Fernando Valenzuela, Pete Incaviglia and Oddibe McDowell are still better than some major leaguers. But are they worth keeping?
Apparently not. All three got cut this week and, because of the business of big money, they may not be the only players on baseball's bubble."I'm not surprised," Cincinnati general manager Bob Quinn said. "I think you're going to see more of it. As younger players come along and get experience, the established players are going to be expendable."
The Braves released McDowell, who batted .243 with seven home runs and 25 RBIs in 113 games last season. By putting McDowell, 28, on waivers before opening day, Atlanta owed him $229,000, rather than his full 1991 salary of $925,000.
"No question about it. Nobody wants to pay for mediocrity," Atlanta general manager John Schuerholz said. "Mediocre players are pricing themselves out of the market."
No one, not even the owners, gets too upset about how much true stars get. But when the in-between players make millions and skew the salary spiral, then there's trouble for both sides.
Valenzuela, 30, pitched 10 seasons for the Dodgers and was one of the most popular players in team history. He was 13-13 with a 4.59 ERA last year and struggled this spring, prompting Los Angeles to put him on waivers.
Valenzuela was scheduled to be paid $2.55 million this season. If he is not claimed for $1 by another team, the Dodgers will owe him $630,000.
"I wouldn't describe it as a trend, but one has to acknowledge that with salaries today, that's a bigger factor than it's ever been," Dodgers general manager Fred Claire said.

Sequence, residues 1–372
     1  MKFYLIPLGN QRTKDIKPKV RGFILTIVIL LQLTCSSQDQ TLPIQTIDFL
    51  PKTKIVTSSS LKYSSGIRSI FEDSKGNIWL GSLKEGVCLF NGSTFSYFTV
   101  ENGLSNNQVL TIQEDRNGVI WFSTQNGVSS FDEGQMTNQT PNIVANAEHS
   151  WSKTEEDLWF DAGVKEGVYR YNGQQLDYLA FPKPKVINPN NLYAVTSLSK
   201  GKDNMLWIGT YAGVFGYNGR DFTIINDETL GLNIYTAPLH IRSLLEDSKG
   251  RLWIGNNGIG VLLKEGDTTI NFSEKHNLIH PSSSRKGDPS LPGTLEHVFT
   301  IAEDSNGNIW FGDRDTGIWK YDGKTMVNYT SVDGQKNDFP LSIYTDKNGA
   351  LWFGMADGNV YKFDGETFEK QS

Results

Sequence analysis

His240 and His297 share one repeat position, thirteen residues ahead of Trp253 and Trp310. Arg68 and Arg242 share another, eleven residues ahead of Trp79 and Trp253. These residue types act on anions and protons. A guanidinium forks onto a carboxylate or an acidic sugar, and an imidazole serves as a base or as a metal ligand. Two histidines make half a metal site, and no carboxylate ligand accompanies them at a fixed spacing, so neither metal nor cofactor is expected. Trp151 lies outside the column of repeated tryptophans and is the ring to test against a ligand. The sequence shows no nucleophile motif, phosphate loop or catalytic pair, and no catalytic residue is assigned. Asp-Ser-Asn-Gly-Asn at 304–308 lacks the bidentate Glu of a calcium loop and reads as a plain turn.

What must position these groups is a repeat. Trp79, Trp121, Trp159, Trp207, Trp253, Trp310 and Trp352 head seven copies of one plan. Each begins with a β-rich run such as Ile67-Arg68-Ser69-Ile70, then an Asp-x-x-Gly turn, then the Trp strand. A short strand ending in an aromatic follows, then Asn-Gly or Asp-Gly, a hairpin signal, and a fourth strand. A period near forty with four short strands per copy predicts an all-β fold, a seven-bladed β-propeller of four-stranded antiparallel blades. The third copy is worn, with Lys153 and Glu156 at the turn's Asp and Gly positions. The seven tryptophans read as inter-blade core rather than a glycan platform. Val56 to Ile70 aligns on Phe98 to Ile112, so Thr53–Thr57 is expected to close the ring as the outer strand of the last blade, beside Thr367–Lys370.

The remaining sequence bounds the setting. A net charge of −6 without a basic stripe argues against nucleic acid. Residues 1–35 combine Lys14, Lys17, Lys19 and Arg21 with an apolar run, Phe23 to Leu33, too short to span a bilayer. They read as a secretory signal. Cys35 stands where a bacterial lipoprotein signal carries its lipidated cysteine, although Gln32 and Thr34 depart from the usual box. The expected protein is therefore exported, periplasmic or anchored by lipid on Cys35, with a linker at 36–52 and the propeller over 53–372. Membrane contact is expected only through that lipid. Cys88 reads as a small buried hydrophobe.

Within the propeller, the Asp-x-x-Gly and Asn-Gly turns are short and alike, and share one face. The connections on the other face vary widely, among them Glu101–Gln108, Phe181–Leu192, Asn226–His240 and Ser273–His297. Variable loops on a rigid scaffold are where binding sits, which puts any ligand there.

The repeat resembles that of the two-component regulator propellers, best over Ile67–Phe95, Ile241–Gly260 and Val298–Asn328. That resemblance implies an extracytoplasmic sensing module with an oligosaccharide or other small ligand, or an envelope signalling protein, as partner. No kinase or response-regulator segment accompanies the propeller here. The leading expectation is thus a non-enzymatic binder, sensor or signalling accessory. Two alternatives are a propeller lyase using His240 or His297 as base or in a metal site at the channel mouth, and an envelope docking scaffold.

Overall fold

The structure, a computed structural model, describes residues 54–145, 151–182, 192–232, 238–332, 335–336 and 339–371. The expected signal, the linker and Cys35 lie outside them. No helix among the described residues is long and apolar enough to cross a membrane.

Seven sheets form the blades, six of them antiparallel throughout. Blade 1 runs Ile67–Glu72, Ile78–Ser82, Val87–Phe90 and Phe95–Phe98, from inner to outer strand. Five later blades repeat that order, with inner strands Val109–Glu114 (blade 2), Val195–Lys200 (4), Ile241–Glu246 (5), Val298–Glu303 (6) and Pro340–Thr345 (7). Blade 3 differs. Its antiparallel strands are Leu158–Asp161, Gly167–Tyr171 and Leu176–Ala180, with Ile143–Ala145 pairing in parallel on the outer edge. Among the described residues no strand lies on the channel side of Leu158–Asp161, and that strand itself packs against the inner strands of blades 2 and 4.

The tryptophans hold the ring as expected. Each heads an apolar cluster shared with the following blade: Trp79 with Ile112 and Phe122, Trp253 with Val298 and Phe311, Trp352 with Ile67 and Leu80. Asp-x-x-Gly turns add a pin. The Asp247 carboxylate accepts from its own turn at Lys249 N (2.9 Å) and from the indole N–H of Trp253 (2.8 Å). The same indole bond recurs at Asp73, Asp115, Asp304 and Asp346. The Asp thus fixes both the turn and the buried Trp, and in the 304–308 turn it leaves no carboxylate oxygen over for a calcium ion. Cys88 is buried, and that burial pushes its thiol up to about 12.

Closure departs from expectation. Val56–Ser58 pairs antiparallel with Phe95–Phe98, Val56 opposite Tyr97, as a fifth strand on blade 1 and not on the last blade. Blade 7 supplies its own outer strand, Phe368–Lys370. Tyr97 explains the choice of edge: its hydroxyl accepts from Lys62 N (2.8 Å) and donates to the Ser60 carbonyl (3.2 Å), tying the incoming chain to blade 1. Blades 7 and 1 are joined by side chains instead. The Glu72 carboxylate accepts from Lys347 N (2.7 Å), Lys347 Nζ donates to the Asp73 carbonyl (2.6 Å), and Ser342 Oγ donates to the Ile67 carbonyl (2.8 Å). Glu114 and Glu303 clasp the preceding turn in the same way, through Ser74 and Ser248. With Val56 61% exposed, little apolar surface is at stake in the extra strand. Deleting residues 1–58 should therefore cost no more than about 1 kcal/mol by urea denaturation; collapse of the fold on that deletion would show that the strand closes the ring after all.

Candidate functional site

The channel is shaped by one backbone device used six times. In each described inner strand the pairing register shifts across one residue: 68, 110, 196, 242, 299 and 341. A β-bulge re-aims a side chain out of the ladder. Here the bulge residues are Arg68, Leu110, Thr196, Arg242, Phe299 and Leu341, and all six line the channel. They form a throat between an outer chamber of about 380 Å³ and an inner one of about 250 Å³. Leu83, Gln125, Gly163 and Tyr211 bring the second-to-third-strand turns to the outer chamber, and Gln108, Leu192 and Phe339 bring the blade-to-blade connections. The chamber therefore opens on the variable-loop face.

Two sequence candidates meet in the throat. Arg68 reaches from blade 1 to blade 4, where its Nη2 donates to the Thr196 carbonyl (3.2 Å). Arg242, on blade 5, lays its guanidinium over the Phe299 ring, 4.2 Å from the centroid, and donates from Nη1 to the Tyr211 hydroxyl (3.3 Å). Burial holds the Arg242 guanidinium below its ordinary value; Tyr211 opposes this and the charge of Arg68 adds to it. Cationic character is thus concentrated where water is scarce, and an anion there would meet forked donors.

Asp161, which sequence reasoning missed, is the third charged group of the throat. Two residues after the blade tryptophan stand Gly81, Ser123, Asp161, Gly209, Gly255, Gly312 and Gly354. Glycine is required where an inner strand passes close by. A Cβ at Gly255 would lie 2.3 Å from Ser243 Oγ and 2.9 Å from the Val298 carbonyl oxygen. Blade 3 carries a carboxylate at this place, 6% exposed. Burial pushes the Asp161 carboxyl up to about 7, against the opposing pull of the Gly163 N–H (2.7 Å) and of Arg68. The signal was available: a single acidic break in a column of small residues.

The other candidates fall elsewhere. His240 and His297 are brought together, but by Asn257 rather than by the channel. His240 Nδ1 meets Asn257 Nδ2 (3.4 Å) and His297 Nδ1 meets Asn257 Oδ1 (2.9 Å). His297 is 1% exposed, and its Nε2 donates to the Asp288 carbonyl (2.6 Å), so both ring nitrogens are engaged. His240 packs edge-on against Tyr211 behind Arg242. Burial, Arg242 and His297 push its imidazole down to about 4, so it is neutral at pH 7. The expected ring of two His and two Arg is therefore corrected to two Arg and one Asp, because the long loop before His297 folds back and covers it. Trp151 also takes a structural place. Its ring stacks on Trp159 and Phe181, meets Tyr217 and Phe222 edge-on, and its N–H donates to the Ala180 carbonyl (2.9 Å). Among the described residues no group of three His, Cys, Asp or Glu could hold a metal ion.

Rookie Jim Neidlinger might take Valenzuela's spot on the pitching staff.
"Sometimes you stay with a fellow because there's nobody there to take his place," Milwaukee general manager Harry Dalton said. "But if you have a couple of kids in the system and you think maybe this fellow is too much, too soon, but the other fellow is a million dollars too heavy, you speed your timetable along and bring the kid up."
Incaviglia, 27 next Tuesday, hit 24 homers and drove in 85 runs for Texas last season. He has hit at least 20 home runs in each of his five years for the Rangers.
Incaviglia had a $1,675,000 salary for this season. Instead, he got $414,000 for 45 days of termination pay.
The Rangers said an argument between Incaviglia and manager Bobby Valentine led to the outfielder's release. But Incaviglia's agent claimed the move was made purely for financial purposes.
Agent Ron Shapiro said: "There appears to be a clear trend that clubs are dealing with marginal players differently, depending on contract values involved."
The Basic Agreement says players can be cut because of poor performance. It does not mention whether a big salary can be a reason for release.
"I fully intend to explore that with the players' association," Attanasio said.
Pittsburgh general manager Larry Doughty said money was the main concern when reserves Wally Backman and R.J. Reynolds were not re-signed during the winter.